Bryan Bickell: 365 Days with MS and Still Fighting

Bryan Bickell: 365 Days with MS and Still Fighting

Editor’s Note: Bryan Bickell, a second-round National Hockey League draft for the Chicago Blackhawks in 2004, played his last NHL game as a forward with the Carolina Hurricanes in April 2017, some five months after being diagnosed with relapsing multiple sclerosis. Bickell played on the Blackhawks’ Stanley Cup-winning teams in 2010, 2013 and 2015, scoring nine goals during the 2013 playoffs, including the tying goal in Game 6. (He officially retired a Blackhawk in October, having signed a one-day contract with the Chicago team.)

In this column, Bickell talks about life with MS, his treatment and new goals, including a foundation he has started with his wife, Amanda, and his disease awareness-raising partnership with Biogen.

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Last fall, I was playing hockey professionally and doing the best I could, but my body wasn’t feeling right and I sensed something was wrong. After having to pull myself out of a team practice one day, I decided to schedule a visit with my doctor. I then learned I had relapsing multiple sclerosis (MS).

Looking back on the past twelve months, I realize how much my life has changed. Though it hasn’t been easy, what’s stayed with me is my drive to be positive. It has helped me throughout my hockey career, and now I’ve focused this energy on fighting this difficult disease.

With MS, I’ve had to face challenges I never thought I’d be tackling, and set new goals for my future. I try to take one day at a time, getting support from friends and family along the way. With a year now behind me, I’ve had a chance to reflect on where I started and where I plan to go next in my fight against MS.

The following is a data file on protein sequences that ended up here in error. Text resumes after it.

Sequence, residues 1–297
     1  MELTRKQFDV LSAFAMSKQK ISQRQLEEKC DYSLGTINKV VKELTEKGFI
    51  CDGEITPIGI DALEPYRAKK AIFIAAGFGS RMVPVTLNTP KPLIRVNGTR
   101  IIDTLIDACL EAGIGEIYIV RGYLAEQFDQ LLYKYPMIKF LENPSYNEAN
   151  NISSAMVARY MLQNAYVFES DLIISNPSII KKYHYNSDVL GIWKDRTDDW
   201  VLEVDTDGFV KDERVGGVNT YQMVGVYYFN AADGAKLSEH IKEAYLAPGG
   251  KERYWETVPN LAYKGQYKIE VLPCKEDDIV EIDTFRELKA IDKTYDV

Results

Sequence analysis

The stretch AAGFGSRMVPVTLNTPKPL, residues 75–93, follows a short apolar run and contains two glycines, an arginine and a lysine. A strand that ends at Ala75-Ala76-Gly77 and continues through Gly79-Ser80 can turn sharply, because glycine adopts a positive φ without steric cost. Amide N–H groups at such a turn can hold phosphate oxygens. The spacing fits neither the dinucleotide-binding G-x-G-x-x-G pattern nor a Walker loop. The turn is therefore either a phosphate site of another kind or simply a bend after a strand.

My diagnosis

When my doctor first shared the news that I had MS, my wife Amanda and I felt confused and worried. We didn’t know much about this disease or how it would affect me. I was overcome with a terrible fear of the unknown. What did this mean for my health and family?

I also had a sense of relief, because I finally had an answer to some of the unexplained symptoms I’d been experiencing for several years, including dizziness and pain that spread through my shoulder and leg. No longer did I have to ask myself, “What’s wrong with me?” With my wife’s help, I knew I had to fight this disease head on and take action.

In the days and weeks following my November diagnosis, I worked closely with my doctor to learn all I could about my relapsing MS. Together we decided on a care plan, including a treatment option that’s right for me. I started Tysabri (natalizumab) after discussing its benefits and risks, including the increased risk of a rare brain infection called PML. So far, my experience with Tysabri has been positive, and I visit my doctor regularly to monitor my progress and check for any side effects.

My support team

Bryan and Amanda Bickell and family
Bryan and Amanda Bickell and family. (Photo courtesy of Bickell family)

I retired from professional hockey in April after making the personal decision to focus on my health and time with my family. I’d spent my whole life on the ice, working through long practices and constantly traveling to different cities, so it wasn’t easy adjusting to a different lifestyle. Fortunately, Amanda has helped me so much over the last year. She also continues to encourage me to stay active. These last months, I’ve enjoyed taking walks with our dog and playing with our two young daughters.